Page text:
P. E. Hunt, a representative of the business interests of Paxton, is well known as a gardener and farmer. He was born in La Salle county, Illinois, February 12, 1848, his parents being Cornelius and Elizabeth A. (Sidel) Hunt, the former a native of New Jersey and the latter of Pennsylvania. They were married in Ohio, to which state they had gone in early life with their respective parents. In 1828 they removed to Putnam county, Illinois, at which time there were only two or three families living in the county. The journey was made in a wagon drawn by ox-team over roads that were little more than a trail and they had to go to Chicago for supplies. Previous to taking up their abode in Illinois, they had resided for a time in Indiana on the Wabash river, east of Danville, Illinois, and had raised a crop there, bringing with them to this state supplies almost sufficient for one year's sustenance. There was no mill nor market near and the settlers had to depend upon their own labors and devices for everything. The method employed by Mr. Hunt to grind his com into meal was primitive in the extreme. Having cut down a large oak, he smoothed the top, bored holes in the stump some eighteen inches and set fire to it so that each hole was burned in the shape of a bowl. He then arranged a heavy sweep or hammer made of iron to pound his corn into meal. Neighbors came from fifteen to twenty-five miles to use this improvised mill, each man doing his own pounding and frequently remaining all night awaiting his turn. All around was the unbroken prairie or the uncut timber and the Indians were far more numerous than the white settlers. During the Black Hawk wai- Mr. Hunt took his wife back to Ohio, after which he returned to Illinois and assisted the white settlers in prosecuting the war and subjugating the savages. Purchasing land, he remained upon the farm for two years after his wife came to Illinois and later he purchased a farm on the prairie, where they lived until his death May 12, 1874. Thus passed away one of the honored pioneer settlers whose worth in the community was widely acknowledged, for he proved an able assistant in reclaiming this region for the purposes of civilization.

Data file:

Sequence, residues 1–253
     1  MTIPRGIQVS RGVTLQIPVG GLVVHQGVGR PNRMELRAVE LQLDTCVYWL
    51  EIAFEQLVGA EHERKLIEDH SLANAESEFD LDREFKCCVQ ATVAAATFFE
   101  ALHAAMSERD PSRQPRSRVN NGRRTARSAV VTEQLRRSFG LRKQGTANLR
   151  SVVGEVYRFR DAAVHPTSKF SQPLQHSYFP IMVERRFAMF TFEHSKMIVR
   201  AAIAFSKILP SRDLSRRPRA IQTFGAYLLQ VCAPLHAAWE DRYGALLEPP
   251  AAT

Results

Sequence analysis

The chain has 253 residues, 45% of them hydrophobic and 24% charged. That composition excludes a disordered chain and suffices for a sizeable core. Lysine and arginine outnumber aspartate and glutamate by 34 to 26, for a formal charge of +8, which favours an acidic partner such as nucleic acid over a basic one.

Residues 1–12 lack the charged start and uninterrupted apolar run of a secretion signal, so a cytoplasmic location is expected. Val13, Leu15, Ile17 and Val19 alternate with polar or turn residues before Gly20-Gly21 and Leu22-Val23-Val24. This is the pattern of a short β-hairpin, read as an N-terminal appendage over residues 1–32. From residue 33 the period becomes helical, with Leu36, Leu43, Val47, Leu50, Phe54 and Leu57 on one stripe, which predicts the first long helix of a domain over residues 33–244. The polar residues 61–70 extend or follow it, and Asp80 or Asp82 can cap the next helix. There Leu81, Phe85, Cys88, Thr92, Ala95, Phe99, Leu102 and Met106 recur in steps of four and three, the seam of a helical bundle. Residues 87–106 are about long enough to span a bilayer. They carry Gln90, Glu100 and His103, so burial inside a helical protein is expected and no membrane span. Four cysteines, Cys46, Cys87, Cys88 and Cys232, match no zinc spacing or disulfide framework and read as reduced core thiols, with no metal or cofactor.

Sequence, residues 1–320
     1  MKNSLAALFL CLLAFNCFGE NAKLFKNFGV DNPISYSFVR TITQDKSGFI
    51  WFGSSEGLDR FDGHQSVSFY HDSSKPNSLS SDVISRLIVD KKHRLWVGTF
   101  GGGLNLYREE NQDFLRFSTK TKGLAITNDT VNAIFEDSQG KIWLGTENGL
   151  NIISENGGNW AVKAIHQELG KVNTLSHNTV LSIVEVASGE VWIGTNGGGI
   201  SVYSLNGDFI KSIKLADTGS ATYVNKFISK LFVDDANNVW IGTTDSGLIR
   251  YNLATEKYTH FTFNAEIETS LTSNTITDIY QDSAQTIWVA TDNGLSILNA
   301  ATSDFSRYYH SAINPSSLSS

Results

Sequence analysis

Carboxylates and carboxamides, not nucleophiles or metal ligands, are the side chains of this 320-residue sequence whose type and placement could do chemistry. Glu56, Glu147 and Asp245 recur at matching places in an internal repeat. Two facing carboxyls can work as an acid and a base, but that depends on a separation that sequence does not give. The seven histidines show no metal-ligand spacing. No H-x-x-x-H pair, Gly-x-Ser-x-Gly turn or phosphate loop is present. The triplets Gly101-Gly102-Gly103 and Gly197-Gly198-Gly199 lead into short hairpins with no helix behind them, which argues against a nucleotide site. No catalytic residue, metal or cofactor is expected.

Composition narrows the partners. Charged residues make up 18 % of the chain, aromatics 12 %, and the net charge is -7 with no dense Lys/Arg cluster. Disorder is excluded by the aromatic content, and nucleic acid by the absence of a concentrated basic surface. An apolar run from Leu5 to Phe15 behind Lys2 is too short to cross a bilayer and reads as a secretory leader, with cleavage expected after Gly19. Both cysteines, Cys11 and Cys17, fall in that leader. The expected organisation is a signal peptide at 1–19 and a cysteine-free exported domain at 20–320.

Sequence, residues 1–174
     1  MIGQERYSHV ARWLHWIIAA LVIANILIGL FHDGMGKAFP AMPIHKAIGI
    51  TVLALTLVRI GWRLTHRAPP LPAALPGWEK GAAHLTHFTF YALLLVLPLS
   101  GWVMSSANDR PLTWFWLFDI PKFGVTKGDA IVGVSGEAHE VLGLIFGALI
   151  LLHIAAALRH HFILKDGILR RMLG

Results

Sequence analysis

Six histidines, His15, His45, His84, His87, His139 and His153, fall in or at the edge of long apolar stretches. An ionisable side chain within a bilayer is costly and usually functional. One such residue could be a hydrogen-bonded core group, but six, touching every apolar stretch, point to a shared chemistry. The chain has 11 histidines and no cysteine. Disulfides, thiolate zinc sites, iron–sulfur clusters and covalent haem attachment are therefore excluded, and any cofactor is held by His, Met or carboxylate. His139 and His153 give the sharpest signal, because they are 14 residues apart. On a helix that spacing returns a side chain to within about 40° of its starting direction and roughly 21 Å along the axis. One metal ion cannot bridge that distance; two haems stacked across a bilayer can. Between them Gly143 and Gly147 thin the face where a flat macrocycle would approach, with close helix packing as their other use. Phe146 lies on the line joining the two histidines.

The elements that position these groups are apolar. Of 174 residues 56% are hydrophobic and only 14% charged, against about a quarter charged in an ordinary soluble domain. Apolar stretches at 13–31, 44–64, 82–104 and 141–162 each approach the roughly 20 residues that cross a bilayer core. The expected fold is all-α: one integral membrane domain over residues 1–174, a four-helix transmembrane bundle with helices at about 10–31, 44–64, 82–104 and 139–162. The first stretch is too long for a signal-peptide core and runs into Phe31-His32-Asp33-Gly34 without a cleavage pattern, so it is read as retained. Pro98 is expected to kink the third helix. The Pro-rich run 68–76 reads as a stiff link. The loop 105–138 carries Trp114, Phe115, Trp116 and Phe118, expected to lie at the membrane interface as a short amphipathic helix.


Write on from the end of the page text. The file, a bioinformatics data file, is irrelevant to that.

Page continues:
He and his wife were the parents of twelve children, all of whom reached adult age, namely: Mary, who first married John Moore and later became the wife of Harry Crawford but is now deceased; John, a retired farmer living in Melvin, Illinois; Caroline, the deceased wife of Ephraim Frazee; Sarah, who became the wife of Joshua Polin but is now deceased; Ann, who has also passed away; Enoch, a retired farmer making his home in Melvin; Ruth, the widow of Andrew Miller; Jane, the widow of James Dickson; Elizabeth, the widow of George Dickson; William, who served in the United States army for two years during the Civil war and is now living retired in Melvin; Jacob, who served as a soldier of the Civil war and was wounded at Altoona Pass, Georgia, his injuries resulting in his death; and P. E., whose name introduces this review.
The last named was educated in the country schools of LaSalle county and in youth became familiar with the arduous task of developing new land and carrying on the work of the farm. At the age of twenty years he was married to Miss Alice Campbell, a daughter of Joseph and Mary (Blakely) Campbell, who came originally from Kentucky to Illinois. In their family were eight children, as follows: William, who makes his home in Mattoon, Illinois; Louisa, the deceased wife of John Longnecker; Alice, now Mrs. Hunt; Sarah, the widow of James W. White; Laura, the wife of Douglas Conrad; Wallace, who is editor of a newspaper at Anderson, Indiana; Hilary, who is now serving as postmaster at Roberts; and Lawrence, who resides in Paxton.
Through the period of his early manhood Mr. Hunt carried on agricultural pursuits but on the 17th of June, 1889, removed to Paxton and became one of the founders of what is now the Paxton Hardware Manufacturing Company. In 1891 he sold his interest to his partner, F. E. Bonney, and purchased his present place at the edge of Paxton, consisting of twenty-four acres of land. Here he devotes his time and attention to the raising of garden produce, for which he finds a ready sale on the city market. His business is carefully conducted and is bringing to him well merited and gratifying success. He raises about five hundred chickens each year, making a specialty of brown leghorns and Rhode Island reds.
Unto Mr. and Mrs. Hunt have been born four children: Jacob W., now deceased; Murray E., who is engaged in the grocery business in Paxton; Frank, a veterinary surgeon of Gibson City; and Gertrude, the wife of John Waldron, a cabinet maker of this city.
Mr. Hunt has never aspired to office, although he has served as school commissioner and road commissioner. His wife is a member of the Methodist Episcopal church, and they are both highly esteemed in the community, their good qualities of heart and mind bringing to them the warm friendship of many with whom they have come in contact.

Extracted 16 Oct 2016 by Norma Hass from History of Ford County, Illinois, From Its Earliest Settlement to 1908, author E. A. Gardner, Volume 2, pages 497-499.

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